In Review: B.P.R.D. #136

It's impossible not to be drawn into this nightmarish confrontation. Recommended.

The cover: In the bottom left of this cover is the tiny figure of Professor J.H. O’Donnell, looking in fear at the creature that’s casting a shadow upon him. It’s the Ogdru Jahad, the supernatural/cosmic horror that foretells the end of mankind. It is one of the seven and it has driven him insane, as he’s now barefoot and wearing a straight jacket. The shadow of this creature makes up the majority of this cover and it’s what I chose to focus on to accompany this review. The image by artist Laurence Campbell and colorist Dave Stewart was the correct illustration to go with, as this entity is now on earth. Overall grade: A+

The story: Liz looks in on Fenix, who lies unconscious in the B.P.R.D.’s medical unit. She looks at the teen with a doubting stare. Meanwhile, Iosif Nichayko is in contact with Liz Sherman as his plane moves to where a massive asteroid has crashed in Russia. Sherman doubts the Bureau is even needed in this situation, but Nichayko counters, “Dr. Corrigan, I don’t know what quality of video we can get you in this atmosphere, but you must trust me. This is definitely a matter for the Bureau.” The tiny plane begins to peel away from the city being besieged by three horrors that defy description that are three times as tall as any man made structure. Behind the trio of monsters, four times as tall and fifteen times as long, is the Ogdru Jahad. Back at B.P.R.D. Headquarters, Professor J.H. O’Donnell, who’s been restrained by a straight jacket raves, “You see, you see? It’s all backward. It’s reversed. This shouldn’t happen. It can’t happen! An Ogdru Jahad on earth! It can’t happen! There are the seven that are the one!! Seven that are the one!!!” Just when it seemed that the team had gotten a moment to breathe, this issue happened and Mike Mignola and John Arcudi are putting everyone through hell. Liz and Kraus go to Russia to help Iosif, and things do not go as planned, in fact both of them have something unsettling happen to them. As this is occurring, Panya pries into Fenix and has a meeting of minds with something she shouldn’t have. Add to that, something has come out of the sea that shouldn’t have, and this series seems to be speeding to an end that would make George R.R. Martin jealous at the loss of life. To quote Kraus, “We’re nothing, Iosif…It’s over.” This is a wowser of an issue. Overall grade: A+

The art: I really like when the art lures the reader into the story and then smacks them across the face. Laurence Campbell is doing that throughout this book; case in point, the first page. The fruit of Fenix’s labors is rotting on the vine, which then transitions to Liz looking over the teen while she’s in the B.P.R.D.’s med center, then the art moves to a cool shot of a Russian Special Services’ plane flying into a black cloud. Visually, I expected this plane to be tooling in darkness for a page or two before something catastrophic happens, but instead the story demands the horrors be shown, and Campbell delivers. It’s a three-quarters page spread and it’s fantastically perverse. The way Campbell has set up Pages 2 and 3 is perfect for the reader to have these terrors revealed: The dialogue at the bottom of the second panel leads back to the plane, which draws the reader to look at the creature just behind it. The tendrils atop this creature leads the reader to the lightning above it, which moves across the top of the page to the Ogdru Jahad. Lightning leads the reader back down to see the creature in the bottom right, and the fire brings the reader to the center beast. It’s a superior example of composition. The book is also a slick examples of contrasts: Liz with Johann, Liz with Iosif, Liz’s silhouette as she exerts energy, and the two figures on Page 19. Campbell has reality standing next to the fantastic, and it makes the story all the stronger and insane. My favorite page is the last one, because of the individual revealed. Just wow. Overall grade: A+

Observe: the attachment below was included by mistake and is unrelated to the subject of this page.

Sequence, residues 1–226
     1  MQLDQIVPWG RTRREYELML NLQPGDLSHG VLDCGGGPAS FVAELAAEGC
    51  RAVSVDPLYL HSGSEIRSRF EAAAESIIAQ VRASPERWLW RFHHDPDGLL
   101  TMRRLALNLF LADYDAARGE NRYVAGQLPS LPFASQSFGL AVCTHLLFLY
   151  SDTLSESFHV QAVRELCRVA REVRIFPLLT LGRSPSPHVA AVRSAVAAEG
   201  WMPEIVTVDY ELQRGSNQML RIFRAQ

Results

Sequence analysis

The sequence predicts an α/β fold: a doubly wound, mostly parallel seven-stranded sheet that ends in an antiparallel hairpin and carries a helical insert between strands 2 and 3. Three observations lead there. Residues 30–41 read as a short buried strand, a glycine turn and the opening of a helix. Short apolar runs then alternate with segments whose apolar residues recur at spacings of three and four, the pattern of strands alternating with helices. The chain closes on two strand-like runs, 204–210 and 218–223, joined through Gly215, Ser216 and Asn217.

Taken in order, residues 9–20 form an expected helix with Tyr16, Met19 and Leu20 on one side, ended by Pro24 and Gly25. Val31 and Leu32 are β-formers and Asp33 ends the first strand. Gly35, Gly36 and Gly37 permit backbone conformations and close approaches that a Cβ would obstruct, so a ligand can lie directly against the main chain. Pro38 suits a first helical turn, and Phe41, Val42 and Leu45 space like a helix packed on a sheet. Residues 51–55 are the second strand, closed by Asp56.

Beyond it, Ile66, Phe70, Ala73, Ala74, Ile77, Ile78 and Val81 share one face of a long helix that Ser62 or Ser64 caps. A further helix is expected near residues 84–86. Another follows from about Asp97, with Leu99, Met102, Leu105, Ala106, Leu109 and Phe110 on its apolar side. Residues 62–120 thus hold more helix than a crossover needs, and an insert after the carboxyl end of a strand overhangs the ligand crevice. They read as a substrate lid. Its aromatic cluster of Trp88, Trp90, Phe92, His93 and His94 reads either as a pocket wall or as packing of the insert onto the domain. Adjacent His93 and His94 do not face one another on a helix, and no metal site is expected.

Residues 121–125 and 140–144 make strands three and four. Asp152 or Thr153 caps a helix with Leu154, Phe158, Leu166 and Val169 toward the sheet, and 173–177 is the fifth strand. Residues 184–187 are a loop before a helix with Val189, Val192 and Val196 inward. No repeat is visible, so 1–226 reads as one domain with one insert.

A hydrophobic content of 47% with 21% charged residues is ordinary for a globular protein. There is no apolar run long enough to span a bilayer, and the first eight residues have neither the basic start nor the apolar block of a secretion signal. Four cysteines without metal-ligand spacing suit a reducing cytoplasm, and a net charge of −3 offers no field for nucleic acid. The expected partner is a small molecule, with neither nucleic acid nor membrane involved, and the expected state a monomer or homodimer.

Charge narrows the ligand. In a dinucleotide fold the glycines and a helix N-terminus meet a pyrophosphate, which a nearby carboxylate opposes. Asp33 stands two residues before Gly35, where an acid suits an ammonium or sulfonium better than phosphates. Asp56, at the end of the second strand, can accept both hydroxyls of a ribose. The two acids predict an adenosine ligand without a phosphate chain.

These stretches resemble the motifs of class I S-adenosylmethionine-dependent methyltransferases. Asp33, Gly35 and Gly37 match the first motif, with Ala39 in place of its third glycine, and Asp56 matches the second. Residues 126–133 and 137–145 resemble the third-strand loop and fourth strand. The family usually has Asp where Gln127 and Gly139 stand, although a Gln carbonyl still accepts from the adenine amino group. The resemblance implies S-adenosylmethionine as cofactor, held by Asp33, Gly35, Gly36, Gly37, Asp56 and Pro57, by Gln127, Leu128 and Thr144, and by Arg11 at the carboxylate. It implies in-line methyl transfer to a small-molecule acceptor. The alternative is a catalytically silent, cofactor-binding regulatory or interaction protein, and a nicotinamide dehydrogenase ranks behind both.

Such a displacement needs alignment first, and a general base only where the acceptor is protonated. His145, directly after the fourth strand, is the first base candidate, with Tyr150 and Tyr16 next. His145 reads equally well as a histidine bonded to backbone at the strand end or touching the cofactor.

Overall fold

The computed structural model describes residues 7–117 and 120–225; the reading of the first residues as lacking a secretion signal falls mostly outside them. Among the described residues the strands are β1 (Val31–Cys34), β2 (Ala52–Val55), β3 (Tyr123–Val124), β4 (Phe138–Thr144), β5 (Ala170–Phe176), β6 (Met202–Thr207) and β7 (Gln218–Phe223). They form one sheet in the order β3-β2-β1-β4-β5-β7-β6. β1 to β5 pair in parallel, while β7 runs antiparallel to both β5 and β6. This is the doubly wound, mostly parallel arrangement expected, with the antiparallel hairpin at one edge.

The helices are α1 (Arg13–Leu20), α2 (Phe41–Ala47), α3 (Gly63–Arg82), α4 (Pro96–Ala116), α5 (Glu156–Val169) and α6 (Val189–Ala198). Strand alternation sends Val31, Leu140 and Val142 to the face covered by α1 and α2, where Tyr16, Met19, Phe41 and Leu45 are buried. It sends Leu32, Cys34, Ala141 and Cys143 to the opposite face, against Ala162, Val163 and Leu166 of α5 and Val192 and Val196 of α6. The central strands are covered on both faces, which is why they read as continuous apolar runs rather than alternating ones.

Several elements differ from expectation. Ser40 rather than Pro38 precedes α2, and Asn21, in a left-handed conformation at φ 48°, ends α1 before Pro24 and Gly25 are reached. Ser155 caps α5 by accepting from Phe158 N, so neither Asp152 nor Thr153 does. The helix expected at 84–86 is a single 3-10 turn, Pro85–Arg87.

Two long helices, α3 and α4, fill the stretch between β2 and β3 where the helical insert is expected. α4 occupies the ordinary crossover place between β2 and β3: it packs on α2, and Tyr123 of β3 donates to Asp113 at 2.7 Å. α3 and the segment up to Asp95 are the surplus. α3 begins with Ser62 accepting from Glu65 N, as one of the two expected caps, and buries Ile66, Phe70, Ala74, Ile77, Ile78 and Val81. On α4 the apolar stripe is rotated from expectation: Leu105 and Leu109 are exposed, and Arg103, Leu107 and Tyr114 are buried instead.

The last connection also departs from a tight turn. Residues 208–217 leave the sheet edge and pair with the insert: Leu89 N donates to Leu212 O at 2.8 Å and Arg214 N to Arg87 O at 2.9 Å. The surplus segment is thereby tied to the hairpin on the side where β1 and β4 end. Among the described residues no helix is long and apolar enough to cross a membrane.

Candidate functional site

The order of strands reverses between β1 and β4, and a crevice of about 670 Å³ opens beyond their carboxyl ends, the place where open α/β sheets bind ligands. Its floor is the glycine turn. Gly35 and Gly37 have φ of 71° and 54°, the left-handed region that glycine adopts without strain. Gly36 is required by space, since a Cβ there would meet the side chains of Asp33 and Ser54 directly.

The colors: This is a dark book, thematically and visually. Dave Stewart doesn’t get too many initial moments to insert colors into the apocalypse. The first page has the tomatoes appropriately bloody red, and, as the page continues, the colors become darker: the dim interiors of the med center and the dark cloud in Russia. The dim colors continue onto 2, where Iosif’s helmet has a sickly yellow, but it’s on the spread where colors begin to appear, and they stand for strength. The fire, the eyes of the creatures, and the deadly bits of the Ogdru Jahad are brightly lit. Because they are, readers instantly identify colors with power. This is further emphasized when Johann and Liz go into action. Pale coloring, such as on 19, gives an eerie lifeless quality to figures, which perfectly suits the tone of the event occurring. Stewart continues to show he’s the right person for this series. Overall grade: A+

The letters: Clem Robins has created dialogue, radio transmissions, sounds, yells, weakened dialogue, and an otherworldly font for something. His sounds are always terrific, and the otherworldly font suits the speaker splendidly. Overall grade: A+

The final line: Against the unexplainable, humanity fights to survive. It’s impossible not to be drawn into this nightmarish confrontation. Recommended. Overall grade: A+ 

Patrick Hayes was a contributor to the Comic Buyer’s Guide for several years with “It’s Bound to Happen!” and he’s reviewed comics for TrekWeb and TrekCore. He’s taught 8th graders English for 20 years and has taught high school English for five years and counting. He reads everything as often as he can, when not grading papers or looking up Star Trek, Star Wars, or Indiana Jones items online.

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